The Challenge Away From Home

Title: The Challenge Away From Home

Bible Book: Genesis 37

Author: J. Mike Minnix

Subject: Children; Graduation; Baccalaureate


[Editor's Note: This message below is too long for a commencement or baccalureate service, but the material here provides more than enough thoughts to draw out a useful, biblical and helpful message for graduates.]

The Challenge Away From Home

Dr. J. Mike Minnix, Editor,

Today we will look at a man named Joseph from Genesis, chapters 37 through 50. In doing so, we will look at a man who was far away from his family, and we will see that he acted in a honorable and godly way though no one who knew him was present to view his behavior. To you who are graduates today, this young man is a perfect example of how a young man or young woman can act in a godly way when away from home.

Genesis 37:5-10 Joseph tells his brothers about his dreams.

Genesis 37:23-28 Joseph thrown into a pit and sold to a caravan.

Genesis 37:36 Joseph sold as a slave to Potipher, captain of guard.

Genesis 39:6-20 Joseph tempted and falsely accused of attack.

Genesis 39:21-23 Joseph put in charge of prisoners.

Genesis 41:15 Joseph interprets dream for Pharaoh.

Seven fat and lean cows/corn/grain

Genesis 50:17-21 Joseph forgives his brothers and saves Israel!

You have arrived at a milestone in your lives. You are graduates. You have stayed the course over many years and now you reap the reward for you labor. You are not like the little girl I heard about recently who came home from school all excited and exclaimed, "Mommy, Mommy, I made 100 today at school!"

"Oh, I'm so proud of you, tell me about it."

"Well, I made 50 in spelling, 30 in history, and 20 in English!"

You did not arrive at this elevated moment and hour on your own. You owe a great debt to many others.

1. First, you indebted to your parents.

I heard about a college graduate who was having photos made with his family following his graduation. Mom was trying to take a picture of their son in a cap and gown, posed with his father. "Let's try to make this look natural," she said. "Junior, put your arm around your dad's shoulder." The father answered, "If you want it to look natural, why not have him put his hand the my pocket where my wallet is located?" Your parents or guardians have helped you arrive at this hour with many years of hard work, great expenditure of funds, and no doubt a lot of sincere prayers!

One thing you will learn, as time passes, is just how smart your parents really have been through the years. "No wonder Monette gets straight A's in French," lamented one teen to another. "Her parents were born in Paris and speak French at home."  The girl complained, "In that case I ought to get A's in geometry, for my parents are square and talk in circles."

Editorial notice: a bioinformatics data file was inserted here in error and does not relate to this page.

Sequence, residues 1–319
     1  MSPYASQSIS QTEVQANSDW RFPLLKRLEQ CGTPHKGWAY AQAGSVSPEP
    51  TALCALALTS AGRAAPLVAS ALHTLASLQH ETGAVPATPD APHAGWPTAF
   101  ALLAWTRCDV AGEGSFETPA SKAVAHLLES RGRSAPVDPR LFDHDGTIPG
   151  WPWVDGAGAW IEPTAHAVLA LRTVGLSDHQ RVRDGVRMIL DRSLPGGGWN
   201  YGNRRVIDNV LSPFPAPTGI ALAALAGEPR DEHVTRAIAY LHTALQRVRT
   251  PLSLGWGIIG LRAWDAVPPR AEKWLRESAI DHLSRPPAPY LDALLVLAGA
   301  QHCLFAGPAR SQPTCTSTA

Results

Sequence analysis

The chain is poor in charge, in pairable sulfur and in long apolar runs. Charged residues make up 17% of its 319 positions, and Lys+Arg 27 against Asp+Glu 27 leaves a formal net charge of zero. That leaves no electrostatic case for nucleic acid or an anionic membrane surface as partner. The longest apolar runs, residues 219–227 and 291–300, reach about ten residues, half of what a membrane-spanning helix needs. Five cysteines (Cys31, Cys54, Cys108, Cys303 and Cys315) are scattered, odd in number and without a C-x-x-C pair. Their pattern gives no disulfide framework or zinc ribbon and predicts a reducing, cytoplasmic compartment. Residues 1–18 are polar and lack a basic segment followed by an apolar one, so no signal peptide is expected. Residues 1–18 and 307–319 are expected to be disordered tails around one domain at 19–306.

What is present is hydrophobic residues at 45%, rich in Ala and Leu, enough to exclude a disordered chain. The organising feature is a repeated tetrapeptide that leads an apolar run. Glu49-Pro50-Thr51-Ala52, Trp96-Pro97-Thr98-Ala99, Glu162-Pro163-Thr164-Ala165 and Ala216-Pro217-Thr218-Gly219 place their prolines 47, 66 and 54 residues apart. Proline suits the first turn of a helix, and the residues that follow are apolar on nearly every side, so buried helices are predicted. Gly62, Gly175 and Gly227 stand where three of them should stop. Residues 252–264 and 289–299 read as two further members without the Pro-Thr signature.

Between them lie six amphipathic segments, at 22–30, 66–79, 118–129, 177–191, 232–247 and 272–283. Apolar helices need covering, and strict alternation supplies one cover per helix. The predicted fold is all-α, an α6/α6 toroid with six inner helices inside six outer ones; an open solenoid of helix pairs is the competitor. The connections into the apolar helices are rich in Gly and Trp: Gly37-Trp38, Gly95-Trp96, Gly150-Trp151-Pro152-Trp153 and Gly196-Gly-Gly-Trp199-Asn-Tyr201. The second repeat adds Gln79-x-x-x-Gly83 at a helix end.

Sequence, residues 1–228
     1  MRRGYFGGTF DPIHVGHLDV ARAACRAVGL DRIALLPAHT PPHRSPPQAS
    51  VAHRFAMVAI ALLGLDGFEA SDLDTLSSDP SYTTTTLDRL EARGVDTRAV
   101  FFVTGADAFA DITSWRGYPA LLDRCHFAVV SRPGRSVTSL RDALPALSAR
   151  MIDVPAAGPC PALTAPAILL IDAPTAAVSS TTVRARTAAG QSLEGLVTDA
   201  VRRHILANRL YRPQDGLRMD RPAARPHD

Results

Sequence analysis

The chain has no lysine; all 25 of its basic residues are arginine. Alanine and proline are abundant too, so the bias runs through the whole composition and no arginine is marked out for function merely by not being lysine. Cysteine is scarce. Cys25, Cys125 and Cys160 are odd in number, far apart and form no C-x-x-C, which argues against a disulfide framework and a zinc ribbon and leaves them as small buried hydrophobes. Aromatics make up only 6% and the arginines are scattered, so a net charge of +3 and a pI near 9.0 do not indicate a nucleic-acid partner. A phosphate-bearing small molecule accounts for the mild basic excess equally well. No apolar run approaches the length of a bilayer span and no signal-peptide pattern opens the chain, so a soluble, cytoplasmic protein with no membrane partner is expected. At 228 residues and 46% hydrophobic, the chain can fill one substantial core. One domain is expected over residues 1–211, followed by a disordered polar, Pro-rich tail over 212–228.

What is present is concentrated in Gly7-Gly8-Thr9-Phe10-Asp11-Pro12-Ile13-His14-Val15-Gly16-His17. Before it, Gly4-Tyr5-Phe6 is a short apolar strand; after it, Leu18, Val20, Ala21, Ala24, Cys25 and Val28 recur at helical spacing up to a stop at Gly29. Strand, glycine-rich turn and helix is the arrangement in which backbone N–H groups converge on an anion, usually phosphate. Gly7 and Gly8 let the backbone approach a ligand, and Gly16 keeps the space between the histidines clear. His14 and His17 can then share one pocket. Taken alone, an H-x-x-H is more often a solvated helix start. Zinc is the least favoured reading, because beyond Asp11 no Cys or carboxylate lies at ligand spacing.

Actually, your parents that seem square today but they will look pretty cool once you get out into the world and have to face more and more responsibility.

2. You owe much to your teachers who have invested careers in your education.

Your teachers have worked for wages far below that of people with comparable education and abilities, and they did that because they were committed to helping you learn.

3. Most of all, you owe a debt to God.

He has given you a mind and years of life. Without His blessing, you would not be here today. Be sure you thank your parents, your teachers, and your Lord for helping you to arrive at this very special hour in life.

All of us here commend you on your accomplishment, but the great question is what will happen next? Will you go on to live a life worthy of the investment that has been made in you? And what do you need to be a success as you leave home? There are four areas of awareness and action which made Joseph a great success, even though he found himself far from home and in difficult circumstances.

I. You Need Conviction of a Divine Purpose

There is no issue more important in life than the sense of knowing that God has a purpose for your life. The life of every Christian has been designed by the heavenly Father to fulfill a specific purpose.

C. H. Spurgeon said, "There is not a spider hanging on the king's wall but has its errand; there is not a nettle that grows in the corner of the churchyard but has its purpose.... And I will never have it that God created any man, especially any Christian man, to be a blank, and to be a nothing. He made you for an end. Find out what that end is; find out your niche and fill it." How important that we view the events of our life from the divine perspective! God has a plan for our lives. (Inforsearch)

It sounds like the ultimate exercise in futility, but people do it anyway. Writing letters to deceased or fictional characters, that is. At Graceland in Memphis, for example, as many as one-hundred Valentine cards addressed to Elvis Presley arrive each February. And in London, the fictional detective Sherlock Holmes receives more than forty pieces of mail every week. These aren't like the letters little children send to Santa Claus; they are from adults who use valuable, fleeting time to send "dead letters" into oblivion. Are there any "dead letter" activities we get involved in as Christians? Do we do things with no possible expectation of a return on the investment of our time? Of course, we don't have to be productive every minute. We need to take a break. Even our Lord encouraged His disciples to rest. But what we have to watch out for are purposeless activities that keep us from doing what we should be doing. Let's stop our dead‑letter activities so we can become better living epistles. (Inforsearch)